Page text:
Hey, everyone. This is Eric with Stanton Pools and Valley Pool Plaster.
Right now, I’m in Newbury Park. These homeowners just purchased the house. They’re not living here yet but they wanted me to come by and give them a price to resurface and re-tile the pool.
One of the things that I could see as soon as I rounded the corner and saw the pool even from a distance is that the pool’s painted. The way I can tell that is because today it’s an overcast day. We’re getting a lot of smoke from the fires.
So, normally, a pool, the color wouldn’t be as vibrant, the color might be a little bit more dull, in the shallow end, there wouldn’t be much color at all especially.
And, right here, when I show you the pool in a moment, you’re going to see that the pool is very blue. Everywhere, blue.
It almost looks like the light is refracting from the sun and creating this beautiful blue color, at least in some spots…but it’s not. So, here. Just to kind of take a look. This is what the pool looks like. It almost looks kind of fake, in my opinion.
And the reason that people paint pools usually is to sell a house. They paint the pool right before they sell it. It’ll look great.
Most homeowners aren’t aware that it was painted and they think that the pool is in great condition. But within about six months, it starts to come off. You can see here on the steps.
Now, this pool was painted, I’m sure, a while ago. You can see it was painted over plaster that was already delaminating and popping off.
And what happens when you paint a pool, within about six months, maybe a year, if you’re lucky, as soon as you start to brush the pool, it all clouds up. It goes into the filter, the paint starts to come off and it’s a big mess.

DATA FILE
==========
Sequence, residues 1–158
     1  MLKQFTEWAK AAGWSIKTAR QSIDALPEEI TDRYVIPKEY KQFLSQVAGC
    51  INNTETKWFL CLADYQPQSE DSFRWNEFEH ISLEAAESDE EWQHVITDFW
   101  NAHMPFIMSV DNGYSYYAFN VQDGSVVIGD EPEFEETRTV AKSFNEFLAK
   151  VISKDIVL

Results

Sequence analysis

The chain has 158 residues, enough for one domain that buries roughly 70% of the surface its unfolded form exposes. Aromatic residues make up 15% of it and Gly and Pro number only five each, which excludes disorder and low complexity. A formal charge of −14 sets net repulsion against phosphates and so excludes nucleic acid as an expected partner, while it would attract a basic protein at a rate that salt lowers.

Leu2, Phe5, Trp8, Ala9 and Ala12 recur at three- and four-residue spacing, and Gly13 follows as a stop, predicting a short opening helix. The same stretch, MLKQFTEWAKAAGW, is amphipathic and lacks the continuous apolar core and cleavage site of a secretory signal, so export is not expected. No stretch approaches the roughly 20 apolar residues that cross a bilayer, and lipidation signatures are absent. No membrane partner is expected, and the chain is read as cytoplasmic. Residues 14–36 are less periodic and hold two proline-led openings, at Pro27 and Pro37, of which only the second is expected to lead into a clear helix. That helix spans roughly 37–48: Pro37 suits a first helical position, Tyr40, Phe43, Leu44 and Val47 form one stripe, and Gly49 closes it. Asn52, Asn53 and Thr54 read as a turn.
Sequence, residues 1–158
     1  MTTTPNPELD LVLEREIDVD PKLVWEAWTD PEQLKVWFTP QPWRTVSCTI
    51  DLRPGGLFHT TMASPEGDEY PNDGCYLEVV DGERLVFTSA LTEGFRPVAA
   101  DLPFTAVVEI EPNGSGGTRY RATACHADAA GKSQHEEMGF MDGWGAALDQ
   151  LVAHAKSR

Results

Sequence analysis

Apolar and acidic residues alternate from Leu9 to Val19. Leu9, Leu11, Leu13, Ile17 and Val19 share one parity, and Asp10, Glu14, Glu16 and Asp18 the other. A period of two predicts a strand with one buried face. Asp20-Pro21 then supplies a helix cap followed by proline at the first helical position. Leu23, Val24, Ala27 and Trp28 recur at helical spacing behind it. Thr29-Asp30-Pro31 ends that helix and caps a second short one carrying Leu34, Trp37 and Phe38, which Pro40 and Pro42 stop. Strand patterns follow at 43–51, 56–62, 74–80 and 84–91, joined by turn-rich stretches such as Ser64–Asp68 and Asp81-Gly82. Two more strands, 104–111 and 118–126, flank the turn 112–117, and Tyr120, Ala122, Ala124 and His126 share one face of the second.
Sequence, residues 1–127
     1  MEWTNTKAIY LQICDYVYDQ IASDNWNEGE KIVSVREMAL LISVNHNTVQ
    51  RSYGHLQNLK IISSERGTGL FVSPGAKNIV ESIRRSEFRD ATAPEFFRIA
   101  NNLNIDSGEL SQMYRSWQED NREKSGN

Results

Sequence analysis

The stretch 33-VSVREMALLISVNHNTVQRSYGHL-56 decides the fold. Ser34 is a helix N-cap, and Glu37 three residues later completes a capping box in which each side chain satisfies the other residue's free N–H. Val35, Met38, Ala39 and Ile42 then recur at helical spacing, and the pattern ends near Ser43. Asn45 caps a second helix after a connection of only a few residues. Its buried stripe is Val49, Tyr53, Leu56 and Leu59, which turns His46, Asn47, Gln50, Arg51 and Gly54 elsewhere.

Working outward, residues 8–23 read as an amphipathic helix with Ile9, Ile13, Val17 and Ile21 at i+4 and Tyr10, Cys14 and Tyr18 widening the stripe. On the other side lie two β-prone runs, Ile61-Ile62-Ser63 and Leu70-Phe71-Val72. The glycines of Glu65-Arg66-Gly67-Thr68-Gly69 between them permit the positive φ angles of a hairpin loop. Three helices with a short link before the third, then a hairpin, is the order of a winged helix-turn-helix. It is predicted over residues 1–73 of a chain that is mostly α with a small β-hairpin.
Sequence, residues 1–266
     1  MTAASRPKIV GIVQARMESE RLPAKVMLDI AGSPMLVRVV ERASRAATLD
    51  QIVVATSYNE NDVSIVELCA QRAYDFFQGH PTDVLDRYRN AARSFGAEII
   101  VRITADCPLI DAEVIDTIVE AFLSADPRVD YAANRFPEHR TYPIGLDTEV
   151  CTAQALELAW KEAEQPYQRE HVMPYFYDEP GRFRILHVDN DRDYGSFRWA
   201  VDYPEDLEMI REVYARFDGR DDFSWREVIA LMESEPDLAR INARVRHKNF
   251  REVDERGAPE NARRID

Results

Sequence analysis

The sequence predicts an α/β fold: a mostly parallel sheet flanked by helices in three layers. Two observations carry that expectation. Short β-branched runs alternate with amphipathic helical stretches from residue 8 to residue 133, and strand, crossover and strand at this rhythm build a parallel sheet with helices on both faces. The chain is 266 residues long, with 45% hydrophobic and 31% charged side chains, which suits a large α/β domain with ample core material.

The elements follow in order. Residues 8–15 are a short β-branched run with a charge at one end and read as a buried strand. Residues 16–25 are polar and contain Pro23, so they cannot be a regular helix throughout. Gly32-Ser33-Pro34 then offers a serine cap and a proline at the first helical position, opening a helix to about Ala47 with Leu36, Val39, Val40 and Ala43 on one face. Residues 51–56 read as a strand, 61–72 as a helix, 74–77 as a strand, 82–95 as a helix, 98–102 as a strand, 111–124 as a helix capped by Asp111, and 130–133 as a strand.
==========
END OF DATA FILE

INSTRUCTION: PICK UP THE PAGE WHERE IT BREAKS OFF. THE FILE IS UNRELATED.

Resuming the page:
You put your hand on it or you walk on it and the paint comes onto your hands and yeah, it’s just not fun. Really, if you’re gonna do it right, it’s not that much less expensive than doing a basic white plaster.
To do it right, you got to drain the pool. Then, you have to acid wash or at least do a chlorine wash on the pool, make sure that the paint adheres well.
I believe then, you know, I’ve never painted a pool but from what I hear, I believe then you prime it, and you have to do really high-quality epoxy paint. Let that dry, let it cure, refill the pool, and do a full startup on it.
By the time you’re done with that, you’re already a lot of the way towards at least re-plastering the pool. You don’t have to worry about, “oh, my gosh, only having something last for six months.”
So, I just wanted to share that with you. I’m not really a fan of painting pools, people usually regret it.
But it does look nice maybe for a few months while someone’s selling the house.
So, again, I’m Eric with Stanton Pools and Valley Pool Plaster. Feel free to reach out to us anytime.